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Influence of Diet Fortification on Body Composition and Apparent Digestion in Mature Horses Consuming Low-Quality Forage
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Quarter Horse mares (498±9 kg BW; 12±7 yr) were utilized in a completely randomized design for 56 d to test the hypothesis that concentrate fortification improves apparent digestibility and enhances lean mass over the topline. Horses were stratified by age, BW, and BCS and randomly assigned to either a custom pelleted concentrate (CON; n=13), or an isocaloric, iso-nitrogenous pellet that included amino acid fortification, complexed trace minerals, and fermentation metabolite fortification (FORT; n=10). Concentrate was offered at a total 0.75% BW/d (as-fed) in twice daily rations, and diets were designed to meet or slightly exceed maintenance requirements for mature horses. Horses had ad libitum access to Coastal Bermudagrass hay (7.4% CP, 67% NDF, and 40% ADF). Every 14 d, BW and BCS were recorded and ultrasound images were captured every 28 d. Longissimus dorsi area (LDA) and subcutaneous fat thickness (FT) were measured between the 12 and 13th ribs (12/13) and 17 and 18th ribs (17/18). Intramuscular fat at 17/18 and rump-fat thickness were also obtained. Horses were dosed with 10 g/d of titanium dioxide (TiOv2) for 14 d to estimate forage dry matter intake (DMI). To account for diurnal variation, fecal samples were collected twice daily at 12 h intervals during the last four days, advancing by 3 h each day to represent a 24 h period. Fecal samples were composited by horse and analyzed for TiOv2 to estimate fecal output and acid detergent insoluble ash was used to calculate forage DMI. To evaluate body composition, horses were infused with a 0.12 g/kg BW deuterium oxide (Dv2O) on d 0 and 56. Body fat percentage (BF) was determined by quantifying Dv2O in plasma samples collected at pre- and 4-h postinfusion via mass spectrometry. All data were analyzed using PROC MIXED (SAS v9.4). The model contained a fixed effect of diet; horse (diet) was a random effect. Horses receiving FORT gained 17/18 FT (P<0.01) and increased 17/18 LDA from d 0 to 56 (P<0.01) while 17/18 FT and LDA were unchanged in CON. Regardless of diet, BF calculated by Dv20 infusion increased in all horses from d 0 to 56 (P<0.01) Average hay DMI was 2.1% BW, but did not differ between diets. In this study, concentrate fortification did not significantly (P≥0.27) affect apparent digestion. In conclusion, feeding a fortified concentrate may promote greater muscle development along the posterior topline, and the use of ultrasonography may provide a more objective assessment of body composition when compared to tactile body condition assessment in mature horses.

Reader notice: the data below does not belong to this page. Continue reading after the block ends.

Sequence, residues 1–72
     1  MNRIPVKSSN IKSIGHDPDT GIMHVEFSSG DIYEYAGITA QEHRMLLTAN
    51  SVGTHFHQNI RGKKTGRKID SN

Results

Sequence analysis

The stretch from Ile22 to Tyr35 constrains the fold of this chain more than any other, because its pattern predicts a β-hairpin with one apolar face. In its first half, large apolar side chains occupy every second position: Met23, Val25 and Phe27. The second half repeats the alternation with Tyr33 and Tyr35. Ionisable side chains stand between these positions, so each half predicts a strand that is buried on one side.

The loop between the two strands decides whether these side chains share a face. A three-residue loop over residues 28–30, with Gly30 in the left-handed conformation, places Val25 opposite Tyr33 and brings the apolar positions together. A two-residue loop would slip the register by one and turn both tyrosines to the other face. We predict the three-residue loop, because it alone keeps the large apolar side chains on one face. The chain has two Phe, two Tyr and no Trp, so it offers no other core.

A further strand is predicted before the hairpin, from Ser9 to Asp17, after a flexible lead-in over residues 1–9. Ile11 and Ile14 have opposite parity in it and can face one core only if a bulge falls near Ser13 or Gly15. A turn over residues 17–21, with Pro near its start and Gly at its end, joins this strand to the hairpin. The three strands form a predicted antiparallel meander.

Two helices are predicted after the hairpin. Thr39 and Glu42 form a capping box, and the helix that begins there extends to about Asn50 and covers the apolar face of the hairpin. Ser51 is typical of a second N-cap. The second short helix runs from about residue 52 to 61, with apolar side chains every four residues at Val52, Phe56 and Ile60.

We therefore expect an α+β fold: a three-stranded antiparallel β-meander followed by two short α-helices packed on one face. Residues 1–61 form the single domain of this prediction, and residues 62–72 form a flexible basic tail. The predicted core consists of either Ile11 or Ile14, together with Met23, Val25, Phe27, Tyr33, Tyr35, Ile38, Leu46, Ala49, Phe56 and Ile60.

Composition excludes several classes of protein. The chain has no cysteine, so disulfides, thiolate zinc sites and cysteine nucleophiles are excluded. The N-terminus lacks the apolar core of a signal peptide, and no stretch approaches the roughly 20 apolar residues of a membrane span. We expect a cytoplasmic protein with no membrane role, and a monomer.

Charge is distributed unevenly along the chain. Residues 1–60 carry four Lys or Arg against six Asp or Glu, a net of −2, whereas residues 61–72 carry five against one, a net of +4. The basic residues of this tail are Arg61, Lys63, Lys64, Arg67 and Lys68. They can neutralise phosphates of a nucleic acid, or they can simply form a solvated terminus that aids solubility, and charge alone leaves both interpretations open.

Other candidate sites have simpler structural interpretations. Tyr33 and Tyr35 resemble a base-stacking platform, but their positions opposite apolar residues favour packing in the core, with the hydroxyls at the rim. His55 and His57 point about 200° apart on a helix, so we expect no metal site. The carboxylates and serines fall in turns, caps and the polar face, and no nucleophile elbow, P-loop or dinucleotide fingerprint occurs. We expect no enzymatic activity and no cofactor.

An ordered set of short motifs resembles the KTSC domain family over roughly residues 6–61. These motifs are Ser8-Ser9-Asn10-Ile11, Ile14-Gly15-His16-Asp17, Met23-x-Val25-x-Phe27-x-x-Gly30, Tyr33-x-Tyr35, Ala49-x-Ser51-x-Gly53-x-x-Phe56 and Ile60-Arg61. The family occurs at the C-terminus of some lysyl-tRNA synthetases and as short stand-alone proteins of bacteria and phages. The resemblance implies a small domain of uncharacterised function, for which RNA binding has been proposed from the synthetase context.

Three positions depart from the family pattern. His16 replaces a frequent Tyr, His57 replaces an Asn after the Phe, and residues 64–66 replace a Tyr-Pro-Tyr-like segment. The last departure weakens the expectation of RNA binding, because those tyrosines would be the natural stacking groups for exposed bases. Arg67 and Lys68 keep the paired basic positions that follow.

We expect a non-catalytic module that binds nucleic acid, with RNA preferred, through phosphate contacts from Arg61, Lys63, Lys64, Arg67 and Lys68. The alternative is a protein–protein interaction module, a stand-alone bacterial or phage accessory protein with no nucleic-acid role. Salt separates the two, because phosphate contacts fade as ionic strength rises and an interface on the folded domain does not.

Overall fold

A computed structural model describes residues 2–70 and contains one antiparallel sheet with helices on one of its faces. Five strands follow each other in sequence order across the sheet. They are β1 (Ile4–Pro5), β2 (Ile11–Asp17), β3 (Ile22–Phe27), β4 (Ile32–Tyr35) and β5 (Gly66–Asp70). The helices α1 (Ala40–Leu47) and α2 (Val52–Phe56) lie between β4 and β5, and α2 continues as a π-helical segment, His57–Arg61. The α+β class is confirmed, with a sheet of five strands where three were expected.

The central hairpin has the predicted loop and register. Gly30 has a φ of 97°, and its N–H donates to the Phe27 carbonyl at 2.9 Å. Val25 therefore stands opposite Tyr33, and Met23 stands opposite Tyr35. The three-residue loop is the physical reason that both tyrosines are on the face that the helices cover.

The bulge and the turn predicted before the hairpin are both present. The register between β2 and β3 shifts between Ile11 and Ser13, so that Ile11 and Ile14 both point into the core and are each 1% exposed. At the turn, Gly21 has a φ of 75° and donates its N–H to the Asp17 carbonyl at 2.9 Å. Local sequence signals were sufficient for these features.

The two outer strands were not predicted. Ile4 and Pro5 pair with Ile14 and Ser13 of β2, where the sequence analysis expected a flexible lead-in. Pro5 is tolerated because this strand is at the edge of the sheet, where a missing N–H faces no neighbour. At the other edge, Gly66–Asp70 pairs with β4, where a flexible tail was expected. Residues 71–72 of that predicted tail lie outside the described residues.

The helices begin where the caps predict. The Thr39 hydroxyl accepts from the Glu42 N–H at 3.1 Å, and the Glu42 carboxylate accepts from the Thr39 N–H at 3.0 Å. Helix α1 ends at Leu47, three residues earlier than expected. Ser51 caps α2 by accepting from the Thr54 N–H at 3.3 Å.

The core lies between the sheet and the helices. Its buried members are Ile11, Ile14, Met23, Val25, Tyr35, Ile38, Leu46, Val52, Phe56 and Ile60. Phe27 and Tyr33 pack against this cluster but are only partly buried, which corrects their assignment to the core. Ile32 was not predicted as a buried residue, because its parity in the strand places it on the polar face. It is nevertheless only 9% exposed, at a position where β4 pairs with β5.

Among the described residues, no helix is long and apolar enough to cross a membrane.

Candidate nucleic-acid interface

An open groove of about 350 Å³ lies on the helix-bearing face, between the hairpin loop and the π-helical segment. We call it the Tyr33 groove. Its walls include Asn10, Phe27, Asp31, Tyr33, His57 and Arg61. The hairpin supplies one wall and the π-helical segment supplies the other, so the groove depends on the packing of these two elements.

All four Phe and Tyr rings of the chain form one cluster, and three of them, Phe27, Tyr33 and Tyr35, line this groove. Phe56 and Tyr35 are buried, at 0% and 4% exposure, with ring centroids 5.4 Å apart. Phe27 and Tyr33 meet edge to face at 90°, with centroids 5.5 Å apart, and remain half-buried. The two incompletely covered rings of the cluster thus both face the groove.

Much, Mattea Lee (2019). Influence of Diet Fortification on Body Composition and Apparent Digestion in Mature Horses Consuming Low-Quality Forage. Master's thesis, Texas A&M University. Available electronically from